Product defects arise most prominently in legal contexts regarding product safety, where the term is applied to "anything that renders the product not reasonably safe". The field of law that addresses injuries caused by defective products is called product liability.
A wide range of circumstances can render a product defective. The product may have a design defect or design flaw, resulting from the product having been poorly designed or tested, so that the design itself yields a product that can not perform its desired function. Even if the design is correct, the product may have a manufacturing defect if it was incorrectly manufactured, for example if the wrong materials are used. A product may also be considered legally defective if it lacks appropriate instructions for its use, or appropriate warnings of dangers accompanying normal use or misuse of the product.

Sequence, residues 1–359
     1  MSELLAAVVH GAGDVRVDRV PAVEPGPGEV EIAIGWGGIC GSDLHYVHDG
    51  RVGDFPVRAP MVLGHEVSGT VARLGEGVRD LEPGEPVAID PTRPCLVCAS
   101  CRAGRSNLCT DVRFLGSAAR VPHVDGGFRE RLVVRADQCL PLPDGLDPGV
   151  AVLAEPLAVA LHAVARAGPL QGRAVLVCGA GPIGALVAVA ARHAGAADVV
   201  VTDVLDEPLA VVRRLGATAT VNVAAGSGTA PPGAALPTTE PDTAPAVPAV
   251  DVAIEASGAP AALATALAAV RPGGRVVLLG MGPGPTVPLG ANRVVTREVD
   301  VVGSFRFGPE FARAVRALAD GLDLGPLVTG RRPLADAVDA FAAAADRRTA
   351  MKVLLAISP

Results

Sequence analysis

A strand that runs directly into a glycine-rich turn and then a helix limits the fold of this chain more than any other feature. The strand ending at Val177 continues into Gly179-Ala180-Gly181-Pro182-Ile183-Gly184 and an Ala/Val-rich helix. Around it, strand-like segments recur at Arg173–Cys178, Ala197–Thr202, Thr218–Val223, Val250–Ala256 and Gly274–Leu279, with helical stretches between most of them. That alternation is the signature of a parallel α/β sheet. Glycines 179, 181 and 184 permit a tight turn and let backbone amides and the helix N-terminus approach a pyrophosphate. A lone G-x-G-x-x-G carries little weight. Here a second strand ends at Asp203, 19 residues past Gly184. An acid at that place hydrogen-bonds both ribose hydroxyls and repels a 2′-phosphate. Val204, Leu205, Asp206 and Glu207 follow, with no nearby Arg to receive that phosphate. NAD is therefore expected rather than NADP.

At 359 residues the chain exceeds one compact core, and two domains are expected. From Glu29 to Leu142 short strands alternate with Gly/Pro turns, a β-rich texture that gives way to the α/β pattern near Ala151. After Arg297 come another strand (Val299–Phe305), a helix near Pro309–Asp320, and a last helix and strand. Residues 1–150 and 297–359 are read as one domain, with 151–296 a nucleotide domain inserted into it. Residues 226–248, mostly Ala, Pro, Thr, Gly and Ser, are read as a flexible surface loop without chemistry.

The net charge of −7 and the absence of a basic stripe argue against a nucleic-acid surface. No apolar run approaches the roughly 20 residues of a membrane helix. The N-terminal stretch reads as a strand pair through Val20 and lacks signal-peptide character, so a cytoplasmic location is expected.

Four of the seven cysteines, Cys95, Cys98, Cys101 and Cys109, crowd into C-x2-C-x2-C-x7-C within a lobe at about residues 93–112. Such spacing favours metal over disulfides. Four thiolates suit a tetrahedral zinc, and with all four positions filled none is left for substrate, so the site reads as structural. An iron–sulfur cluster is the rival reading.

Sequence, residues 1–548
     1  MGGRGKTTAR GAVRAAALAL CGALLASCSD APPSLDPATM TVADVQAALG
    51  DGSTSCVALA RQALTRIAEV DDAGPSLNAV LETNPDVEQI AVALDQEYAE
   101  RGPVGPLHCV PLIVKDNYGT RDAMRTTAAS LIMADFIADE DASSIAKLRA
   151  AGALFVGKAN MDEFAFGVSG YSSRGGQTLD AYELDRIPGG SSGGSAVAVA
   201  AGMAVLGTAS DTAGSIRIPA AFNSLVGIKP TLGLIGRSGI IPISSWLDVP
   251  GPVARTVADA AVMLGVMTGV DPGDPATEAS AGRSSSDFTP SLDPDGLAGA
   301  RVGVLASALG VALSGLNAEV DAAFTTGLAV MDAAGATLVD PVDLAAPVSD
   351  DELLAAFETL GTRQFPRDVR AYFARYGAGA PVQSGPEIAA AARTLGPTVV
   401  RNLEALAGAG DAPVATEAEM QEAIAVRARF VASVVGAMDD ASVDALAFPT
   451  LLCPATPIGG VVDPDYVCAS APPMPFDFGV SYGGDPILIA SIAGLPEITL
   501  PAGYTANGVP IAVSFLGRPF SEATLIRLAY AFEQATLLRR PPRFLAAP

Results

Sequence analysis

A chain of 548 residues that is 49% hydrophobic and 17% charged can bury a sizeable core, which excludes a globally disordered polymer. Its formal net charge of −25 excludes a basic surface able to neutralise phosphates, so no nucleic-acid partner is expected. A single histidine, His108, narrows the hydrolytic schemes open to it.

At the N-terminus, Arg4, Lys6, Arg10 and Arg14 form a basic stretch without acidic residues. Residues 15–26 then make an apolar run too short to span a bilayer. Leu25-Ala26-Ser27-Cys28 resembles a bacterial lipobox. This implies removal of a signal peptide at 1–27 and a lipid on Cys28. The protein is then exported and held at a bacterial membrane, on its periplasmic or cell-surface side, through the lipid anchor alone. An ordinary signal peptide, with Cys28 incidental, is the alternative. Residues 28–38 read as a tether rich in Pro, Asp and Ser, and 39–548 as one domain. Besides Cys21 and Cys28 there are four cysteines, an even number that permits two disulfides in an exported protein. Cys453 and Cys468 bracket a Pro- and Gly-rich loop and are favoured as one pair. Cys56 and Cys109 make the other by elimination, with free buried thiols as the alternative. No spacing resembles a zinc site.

A product that is defective in some way that does not render it dangerous might still be sold, with a discounted price reflecting the defect. For example, where a clothing manufacturer's inspection discovers that a line of shirts have been made with slightly uneven sleeves, the manufacturer may choose to sell these shirts at a discount, often through an outlet store and with the label cut off to indicate that the quality is not intended to reflect on the brand. For some products, rework is appropriate.
- Patricia A. Robinson, Writing and Designing Manuals and Warnings (2009), p. 234.
- Ellen Ruppel Shell, Cheap: The High Cost of Discount Culture (2009).